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Actresses Xiang Yun and Hong Huifang initially against their children joining showbusiness: 'This industry can be tough'


Hong Huifang, 63; Xiang Yun, 62; and Aileen Tan, 57, were guests on the latest episode of Dishing With Chris Lee.

The trio chatted up a storm, hardly needing any prompting from host Christopher Lee as they looked back on their careers, the iconic roles they’ve played, and their families.

Christopher said: “I think they’re in very good places now. Moreover, I’m really happy that their kids have grown up, with [some] of them entering showbiz as well.”

“Did you guys discuss it? Did you try to stop them when they said they wanted to join showbiz? Or were you supportive right from the get-go?” he wondered.

“We were against it earlier on, because we know it can be very tough. Perhaps they were subtly influenced [by us] over time. So when they decided to join this industry, we were quite surprised,” said Xiang Yun, while Huifang nodded in agreement.

Xiang Yun’s son, Chen Xi, 33, took on a few acting jobs before heading to London to further his studies last year. Her daughter, Chen Yixin, 24, has similarly ventured into modelling and acting.

Huifang’s daughter Tay Ying, 28, is an actress with Mediacorp, while her son Calvert, 24, is a singer and music producer.

Xiang Yun continued: “Take my son, for example. He graduated from university, so he should have pursued something relevant to his studies. But he said he wanted to give acting a try. Now he’s studying arts management overseas, but he still loves acting! I recently made a trip to England, and he told me: 'Actually acting is really fun'. I was quite apprehensive about it.”

Chris then paid Yixin a compliment, saying he likes how “alternative” she is.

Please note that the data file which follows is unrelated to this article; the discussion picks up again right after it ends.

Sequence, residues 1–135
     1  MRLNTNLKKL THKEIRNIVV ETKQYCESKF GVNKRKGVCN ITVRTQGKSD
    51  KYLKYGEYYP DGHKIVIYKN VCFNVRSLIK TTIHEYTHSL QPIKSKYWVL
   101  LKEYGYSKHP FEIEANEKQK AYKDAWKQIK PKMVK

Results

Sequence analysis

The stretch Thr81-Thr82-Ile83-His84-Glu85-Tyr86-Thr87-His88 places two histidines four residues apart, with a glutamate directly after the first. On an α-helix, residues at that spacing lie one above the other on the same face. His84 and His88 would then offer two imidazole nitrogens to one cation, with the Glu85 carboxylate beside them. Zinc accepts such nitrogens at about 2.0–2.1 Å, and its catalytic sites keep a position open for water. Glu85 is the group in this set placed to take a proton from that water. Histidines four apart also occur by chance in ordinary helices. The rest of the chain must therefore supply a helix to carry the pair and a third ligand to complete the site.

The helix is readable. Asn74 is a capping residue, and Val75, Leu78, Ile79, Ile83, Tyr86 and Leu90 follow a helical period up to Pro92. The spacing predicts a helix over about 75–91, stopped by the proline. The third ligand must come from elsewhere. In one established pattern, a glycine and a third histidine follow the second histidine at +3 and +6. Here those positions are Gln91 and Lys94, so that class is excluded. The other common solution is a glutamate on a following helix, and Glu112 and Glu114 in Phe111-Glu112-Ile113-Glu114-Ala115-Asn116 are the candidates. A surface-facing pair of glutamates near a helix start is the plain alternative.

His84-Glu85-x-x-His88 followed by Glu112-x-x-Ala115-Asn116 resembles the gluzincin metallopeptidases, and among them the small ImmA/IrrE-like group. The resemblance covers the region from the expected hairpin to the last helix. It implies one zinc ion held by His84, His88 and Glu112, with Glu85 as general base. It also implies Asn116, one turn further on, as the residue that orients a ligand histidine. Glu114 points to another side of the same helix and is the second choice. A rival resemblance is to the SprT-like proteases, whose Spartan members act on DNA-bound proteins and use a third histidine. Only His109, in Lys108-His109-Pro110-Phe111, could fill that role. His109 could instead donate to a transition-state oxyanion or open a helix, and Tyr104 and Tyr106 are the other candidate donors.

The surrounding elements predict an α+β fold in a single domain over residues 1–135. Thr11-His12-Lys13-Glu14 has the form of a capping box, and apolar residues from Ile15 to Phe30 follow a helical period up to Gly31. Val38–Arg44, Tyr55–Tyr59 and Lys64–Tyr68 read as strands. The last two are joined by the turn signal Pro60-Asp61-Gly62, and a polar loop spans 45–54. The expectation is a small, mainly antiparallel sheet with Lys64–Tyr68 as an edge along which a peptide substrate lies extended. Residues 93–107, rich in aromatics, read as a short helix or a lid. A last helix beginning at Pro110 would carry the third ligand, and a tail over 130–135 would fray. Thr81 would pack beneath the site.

“She’s very pretty, and very avant-garde. She’s very fashionable. She looks really good in all her magazine shoots,” he said.

Xiang Yun thanked him, adding that Yixin “really needs the blessing and support of the seniors”.

“She’s interested in showbiz, but I’ve never set any specific goals for her. I just want her to be happy,” she added.


Xiang Yun never expected her son to venture into acting. (Photo: mewatch)

“Our blood flows in our children. I’m the same: I don’t want my son [Zed, who turns 10 this National Day] to join this industry in the future. I thought there was a possibility he would be interested in showbiz. My son doesn’t like these things, but he’s very happy whenever he has the chance to go on stage to speak,” sighed Christopher.

“He inherited it from you!” exclaimed Aileen, who doesn’t share the same worries as the others.

Aileen and her Hong Kong-born director husband Gerald Lee do not have any children together. However, she treats Gerald’s 32-year-old son from his previous marriage like her own.

It was then Huifang’s turn to share about her kids’ showbiz journey.

“It wasn’t the same for my children. They didn’t dare to go on stage when they were younger. When they got older, they told me they wished to try acting and I was totally taken aback,” said Huifang.

When Christopher praised Calvert for being a good singer, Huifang revealed that his gift wasn’t inherited at all as she has “completely no talent in singing”.

“During the pandemic, my son told me that he had written 40 songs. I only found out then that he has a talent for singing and making music. [Zheng] Geping and I aren’t talented in this aspect, but it turns out Calvert is. He composes, writes and produces songs, and sings them himself, and I feel very proud of him for that,” she said.

“I didn’t expect [Huifang’s] daughter to be so good at martial arts, just like her dad. These talents are really inherited from one’s parents. So when they say they want to join this industry, we can’t stop them,” Christopher added.

The mums agreed, saying the only thing they can do is to support their children.


Huifang never expected her kids to follow in Geping and her footsteps as well. (Photo: mewatch)

Christopher also shared this hot take: “I actually dislike it when people call them second-gen stars [which in this case, alludes to them being ‘nepo babies’]. I find it too extreme. They have their own talents and potential, and the term insinuates that they have piggybacked off their parents’ success. I’m against this term, even though my son has yet to even join this industry. I’m not speaking for him! I simply feel that this gives them unnecessary stress.”

Aileen then joked: “If I wait for your son to grow older, I’ll have to act as his grandmother!”

This story was originally published in 8Days.

For more 8Days stories, visit https://www.8days.sg/

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